Many engineering design studies have considered how research findings can be converted into tools for engineering pedagogy to provide an education that nurtures the cognitive skills of students and their ability to fuse theory and practice (Borgford-Parnell, Deibel, & Atman, 2010). For the purpose of this study, STEM project-based learning combined with the engineering design process (EDP-STEM-PBL) may be described as a mode of pedagogy that purposefully situates scientific and mathematical knowledge within the context of technological design to create a problem-solving learning environment in which students envision solutions to design challenges, gather information, and solve real problems through the use of the engineering design process (Sanders, 2009; Wahono, Lin, & Chang, 2020). This approach is expected to improve student competitiveness in the burgeoning knowledge economy. STEM education has already been emphasized in education systems in the USA. Bybee (2013) stressed that integrative STEM education should pay attention to globally important issues (e.g., climate change, energy sources) and develop design capabilities through practical technology and engineering activities, paying special attention to theory-based design. The aim of this cross-disciplinary approach is to simultaneously teach rigorous academic concepts and provide experiential, real-world learning opportunities. Therefore, EDP-STEM-PBL can be used to systematically cultivate the scientific, technological, mathematical, and engineering knowledge of students through the engineering design thinking process, thus expanding students’ perspectives and mitigating the lack of practicality in conventional pedagogy, which tends to overemphasize theoretical learning. EDP-STEM-PBL repurposes engineering design studies into pedagogical tools for teaching engineering design.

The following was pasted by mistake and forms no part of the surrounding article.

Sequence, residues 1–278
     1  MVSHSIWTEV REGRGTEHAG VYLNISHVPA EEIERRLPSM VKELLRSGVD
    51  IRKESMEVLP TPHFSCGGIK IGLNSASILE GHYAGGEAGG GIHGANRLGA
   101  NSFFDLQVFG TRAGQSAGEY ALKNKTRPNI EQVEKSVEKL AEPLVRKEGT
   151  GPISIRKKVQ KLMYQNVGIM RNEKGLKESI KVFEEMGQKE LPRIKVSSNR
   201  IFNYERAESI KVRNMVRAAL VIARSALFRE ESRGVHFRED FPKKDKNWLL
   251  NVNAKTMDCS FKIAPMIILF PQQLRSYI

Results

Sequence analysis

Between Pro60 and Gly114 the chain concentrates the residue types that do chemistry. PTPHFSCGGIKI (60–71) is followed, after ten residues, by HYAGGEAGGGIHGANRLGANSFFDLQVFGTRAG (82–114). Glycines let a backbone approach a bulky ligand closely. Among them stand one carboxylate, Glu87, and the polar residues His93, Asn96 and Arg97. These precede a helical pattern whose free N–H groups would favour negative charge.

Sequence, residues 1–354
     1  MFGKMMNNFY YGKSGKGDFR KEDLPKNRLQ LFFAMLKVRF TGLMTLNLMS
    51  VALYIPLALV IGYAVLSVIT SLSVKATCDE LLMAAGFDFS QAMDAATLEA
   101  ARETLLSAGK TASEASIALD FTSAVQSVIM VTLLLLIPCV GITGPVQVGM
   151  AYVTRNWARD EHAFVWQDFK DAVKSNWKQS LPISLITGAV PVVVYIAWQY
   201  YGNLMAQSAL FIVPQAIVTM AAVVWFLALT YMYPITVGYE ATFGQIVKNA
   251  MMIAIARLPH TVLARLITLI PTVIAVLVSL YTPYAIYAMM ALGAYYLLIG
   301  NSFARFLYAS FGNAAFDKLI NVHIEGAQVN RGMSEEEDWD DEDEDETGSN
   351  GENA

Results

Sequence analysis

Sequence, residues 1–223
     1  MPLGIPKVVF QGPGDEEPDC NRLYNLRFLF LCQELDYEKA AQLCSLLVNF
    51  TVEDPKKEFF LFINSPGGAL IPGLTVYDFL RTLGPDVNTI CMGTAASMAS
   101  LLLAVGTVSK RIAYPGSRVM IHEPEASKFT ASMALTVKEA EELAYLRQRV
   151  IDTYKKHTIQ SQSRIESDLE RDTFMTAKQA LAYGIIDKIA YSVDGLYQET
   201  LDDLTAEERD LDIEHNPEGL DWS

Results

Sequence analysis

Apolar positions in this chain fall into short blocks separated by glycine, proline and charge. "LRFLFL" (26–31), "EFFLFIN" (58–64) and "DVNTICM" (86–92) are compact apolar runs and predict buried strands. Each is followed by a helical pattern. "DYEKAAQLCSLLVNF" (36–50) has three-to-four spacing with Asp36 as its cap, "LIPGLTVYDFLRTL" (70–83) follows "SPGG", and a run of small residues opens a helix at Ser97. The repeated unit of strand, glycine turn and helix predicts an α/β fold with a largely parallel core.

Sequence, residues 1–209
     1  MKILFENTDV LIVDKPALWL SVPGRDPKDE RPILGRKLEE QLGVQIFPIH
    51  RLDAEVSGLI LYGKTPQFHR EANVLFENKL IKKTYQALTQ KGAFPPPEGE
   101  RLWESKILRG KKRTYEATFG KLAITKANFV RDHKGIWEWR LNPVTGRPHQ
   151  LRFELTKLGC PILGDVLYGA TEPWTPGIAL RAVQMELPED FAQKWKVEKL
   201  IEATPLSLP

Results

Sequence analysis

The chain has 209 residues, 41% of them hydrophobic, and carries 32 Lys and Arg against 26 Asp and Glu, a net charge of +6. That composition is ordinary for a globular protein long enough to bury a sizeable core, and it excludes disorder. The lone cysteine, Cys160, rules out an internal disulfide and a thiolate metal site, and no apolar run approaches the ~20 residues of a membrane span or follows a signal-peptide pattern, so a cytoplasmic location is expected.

In conventional pedagogy, intuition is often used to solve problems. However, applying analytical strategies and explicit step-by-step processes to ordinary problems often results in better solutions (Baumann & Kuhl, 2002). Therefore, EDP-STEM-PBL calls for the formation of learning groups that take full responsibility for their learning, and learning goals are achieved through cooperation and sharing among team members (Milentijevic, Ciric, & Vojinovic, 2008). In this study, the engineering design process proposed by Atman et al. (2007) was used to develop STEM project-based learning activities, with an emphasis on the steps of prototype construction and redesign, as suggested by Hynes (2012). In this way, we hope to cultivate the engineering design skills needed by preservice technology teachers and to facilitate sophisticated thinking skills in preservice teachers.